Perfectionism is a trait widely studied in the psychological literature (Samfira & Maricuţoiu, 2021) and is comprised of at least two dimensions: personal standards and evaluative concerns (Dunkley et al., 2012). Gaudreau (2019) suggests that high personal standards may foster striving for perfection or striving for excellence. Pursuit of excellence can be considered adaptive and is associated with leadership (Shim & Fletcher, 2012), emotional intelligence (Gong et al., 2017), emotional regulation (Hill & Davis, 2014), less burnout and stress (Moate et al., 2016), and higher self-esteem (Lo & Abbott, 2013). The “evaluative concerns” dimension of perfectionism is related to fear of criticism and making mistakes, self-doubt, negative self-evaluation, and contingent self-worth (DiBartolo et al., 2007). Although self-critical perfectionists often equate acceptance with success, they are unlikely to feel pride around success and often feel shame or guilt around failure (Stoeber, Hutchfield, et al., 2008) which is negatively associated with self-efficacy and confidence (Stoeber, Kempe, et al., 2008). Perfectionists are likely to experience hypervigilance with negative feedback (Levine et al., 2017), rumination, and ineffective use of stress reduction techniques (Azam et al., 2015). The evaluative concerns dimension of perfectionism is more consistently considered maladaptive (e.g., Wang et al., 2014), but individuals who rate highly in either dimension report negative mental health outcomes (Limburg et al., 2017), stress and distress (James et al., 2015), burnout (Childs & Stoeber, 2012), and low self-esteem (Aldea et al., 2010). Hewitt and Flett (1991) emphasized that perfectionism may present as self-oriented (pressure for perfection from within), other-oriented (expectations that others should aim for perfection), and socially prescribed (perceiving that others expect perfection).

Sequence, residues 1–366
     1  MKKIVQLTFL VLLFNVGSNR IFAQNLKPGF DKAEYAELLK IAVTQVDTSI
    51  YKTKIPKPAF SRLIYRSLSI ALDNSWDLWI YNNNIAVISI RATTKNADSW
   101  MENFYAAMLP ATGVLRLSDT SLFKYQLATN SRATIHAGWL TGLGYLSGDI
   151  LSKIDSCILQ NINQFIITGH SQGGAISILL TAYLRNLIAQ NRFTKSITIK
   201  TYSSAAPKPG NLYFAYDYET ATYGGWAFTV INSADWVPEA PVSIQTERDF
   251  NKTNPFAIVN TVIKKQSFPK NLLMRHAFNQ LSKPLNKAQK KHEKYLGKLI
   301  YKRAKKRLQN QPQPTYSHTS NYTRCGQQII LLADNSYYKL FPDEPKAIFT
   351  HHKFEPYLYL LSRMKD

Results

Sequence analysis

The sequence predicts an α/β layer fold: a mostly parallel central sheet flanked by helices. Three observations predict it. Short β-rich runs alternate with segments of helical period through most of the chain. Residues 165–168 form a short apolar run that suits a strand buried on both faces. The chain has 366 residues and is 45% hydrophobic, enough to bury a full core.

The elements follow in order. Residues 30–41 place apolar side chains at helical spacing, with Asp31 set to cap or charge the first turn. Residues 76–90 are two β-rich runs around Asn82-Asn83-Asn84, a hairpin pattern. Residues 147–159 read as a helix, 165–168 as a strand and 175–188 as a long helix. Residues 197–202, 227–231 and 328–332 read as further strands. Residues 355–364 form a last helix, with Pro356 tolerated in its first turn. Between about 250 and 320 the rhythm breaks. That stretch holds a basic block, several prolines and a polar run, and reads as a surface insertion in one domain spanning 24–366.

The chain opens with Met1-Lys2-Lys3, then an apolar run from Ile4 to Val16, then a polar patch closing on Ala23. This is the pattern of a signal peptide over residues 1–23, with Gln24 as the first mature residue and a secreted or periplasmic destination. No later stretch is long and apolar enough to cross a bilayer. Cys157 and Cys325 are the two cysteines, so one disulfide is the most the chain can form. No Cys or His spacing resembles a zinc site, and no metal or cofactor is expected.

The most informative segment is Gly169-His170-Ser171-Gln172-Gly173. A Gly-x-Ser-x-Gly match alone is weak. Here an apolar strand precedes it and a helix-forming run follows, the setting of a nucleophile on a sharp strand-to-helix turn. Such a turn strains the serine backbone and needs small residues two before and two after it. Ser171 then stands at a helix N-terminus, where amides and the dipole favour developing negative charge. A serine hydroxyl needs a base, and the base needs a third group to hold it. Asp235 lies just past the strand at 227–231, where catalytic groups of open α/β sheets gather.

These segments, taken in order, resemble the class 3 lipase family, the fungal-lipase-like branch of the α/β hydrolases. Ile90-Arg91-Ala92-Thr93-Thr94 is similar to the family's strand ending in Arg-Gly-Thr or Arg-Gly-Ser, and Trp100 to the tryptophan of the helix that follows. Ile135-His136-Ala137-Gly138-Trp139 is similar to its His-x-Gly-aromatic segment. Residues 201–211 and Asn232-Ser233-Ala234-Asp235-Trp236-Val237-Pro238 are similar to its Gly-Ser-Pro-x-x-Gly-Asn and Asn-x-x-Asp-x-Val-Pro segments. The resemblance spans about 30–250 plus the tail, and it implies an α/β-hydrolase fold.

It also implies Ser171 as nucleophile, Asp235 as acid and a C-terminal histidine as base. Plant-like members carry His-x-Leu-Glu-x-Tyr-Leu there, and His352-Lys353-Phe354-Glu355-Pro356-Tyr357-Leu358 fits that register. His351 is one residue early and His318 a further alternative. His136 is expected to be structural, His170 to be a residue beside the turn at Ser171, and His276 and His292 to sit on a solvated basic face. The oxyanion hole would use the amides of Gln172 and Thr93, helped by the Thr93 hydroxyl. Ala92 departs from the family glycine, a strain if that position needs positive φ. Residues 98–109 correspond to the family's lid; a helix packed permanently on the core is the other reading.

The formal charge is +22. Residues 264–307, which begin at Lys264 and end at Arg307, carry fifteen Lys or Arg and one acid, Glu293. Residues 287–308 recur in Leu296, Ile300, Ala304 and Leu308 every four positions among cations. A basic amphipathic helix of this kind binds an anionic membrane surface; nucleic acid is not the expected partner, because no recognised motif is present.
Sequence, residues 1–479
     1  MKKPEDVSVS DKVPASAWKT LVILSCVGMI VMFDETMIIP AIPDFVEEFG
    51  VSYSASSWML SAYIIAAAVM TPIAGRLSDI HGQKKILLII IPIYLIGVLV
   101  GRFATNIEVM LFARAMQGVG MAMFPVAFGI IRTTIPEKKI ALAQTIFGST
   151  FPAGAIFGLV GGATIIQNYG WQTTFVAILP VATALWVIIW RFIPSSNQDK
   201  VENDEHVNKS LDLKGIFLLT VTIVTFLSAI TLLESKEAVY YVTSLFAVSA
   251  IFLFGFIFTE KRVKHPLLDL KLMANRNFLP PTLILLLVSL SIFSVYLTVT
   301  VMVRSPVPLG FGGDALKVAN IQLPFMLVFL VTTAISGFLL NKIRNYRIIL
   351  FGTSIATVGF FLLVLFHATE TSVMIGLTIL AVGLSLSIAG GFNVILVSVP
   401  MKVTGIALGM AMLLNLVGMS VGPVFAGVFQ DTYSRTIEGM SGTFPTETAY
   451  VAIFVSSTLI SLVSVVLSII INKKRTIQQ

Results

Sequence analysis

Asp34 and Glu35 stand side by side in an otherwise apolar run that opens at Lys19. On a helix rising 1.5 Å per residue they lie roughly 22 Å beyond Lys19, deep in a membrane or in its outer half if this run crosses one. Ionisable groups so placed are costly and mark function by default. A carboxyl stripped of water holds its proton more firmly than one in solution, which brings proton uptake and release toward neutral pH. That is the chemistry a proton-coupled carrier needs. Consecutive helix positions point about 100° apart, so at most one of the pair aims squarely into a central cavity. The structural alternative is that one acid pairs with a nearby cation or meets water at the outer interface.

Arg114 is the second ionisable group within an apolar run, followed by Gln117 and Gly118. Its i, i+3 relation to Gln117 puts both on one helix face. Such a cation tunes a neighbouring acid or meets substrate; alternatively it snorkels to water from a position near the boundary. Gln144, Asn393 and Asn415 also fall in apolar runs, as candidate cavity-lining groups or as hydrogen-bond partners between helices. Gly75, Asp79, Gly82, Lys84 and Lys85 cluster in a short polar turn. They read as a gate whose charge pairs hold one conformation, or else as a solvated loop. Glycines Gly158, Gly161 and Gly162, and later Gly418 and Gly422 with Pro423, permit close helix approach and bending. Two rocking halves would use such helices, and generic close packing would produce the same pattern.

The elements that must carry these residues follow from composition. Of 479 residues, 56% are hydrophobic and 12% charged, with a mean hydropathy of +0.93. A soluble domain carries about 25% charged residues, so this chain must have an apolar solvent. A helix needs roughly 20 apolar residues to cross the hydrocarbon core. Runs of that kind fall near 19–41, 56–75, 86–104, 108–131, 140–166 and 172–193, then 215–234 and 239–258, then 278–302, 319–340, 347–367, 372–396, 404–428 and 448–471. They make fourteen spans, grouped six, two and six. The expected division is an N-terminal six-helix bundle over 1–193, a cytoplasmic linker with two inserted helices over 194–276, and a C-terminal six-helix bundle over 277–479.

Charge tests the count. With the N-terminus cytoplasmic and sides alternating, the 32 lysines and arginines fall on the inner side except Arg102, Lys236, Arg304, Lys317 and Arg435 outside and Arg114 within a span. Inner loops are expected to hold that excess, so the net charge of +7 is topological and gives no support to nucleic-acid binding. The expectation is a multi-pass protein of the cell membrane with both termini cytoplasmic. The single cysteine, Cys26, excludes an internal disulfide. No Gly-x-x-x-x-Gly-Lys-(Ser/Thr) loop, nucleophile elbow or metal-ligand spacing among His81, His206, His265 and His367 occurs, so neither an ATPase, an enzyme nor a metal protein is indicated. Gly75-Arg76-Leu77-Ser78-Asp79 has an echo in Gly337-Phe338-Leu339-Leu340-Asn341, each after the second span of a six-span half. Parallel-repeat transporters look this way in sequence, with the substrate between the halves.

Perfectionism Among Helping Professionals
Most perfectionism research uses quantitative data from undergraduate student participants (e.g., Gong et al., 2017). However, a few studies have examined perfectionism among helping professionals. Among teachers, perfectionism was related to exhaustion and cynicism; whereas, among healthcare professionals, perfectionism was associated with role stress and inefficiency (Childs & Stoeber, 2012). For therapists, perfectionism was associated with lower treatment efficacy and client retention (Presley et al., 2017). Chang (2017) found that for nurses, maladaptive perfectionists frequently reported perceived personal failure. In other words, maladaptive perfectionism may negatively impact well-being, professional engagement, and job performance.
Perfectionism, Imposterism, and Child Life Specialists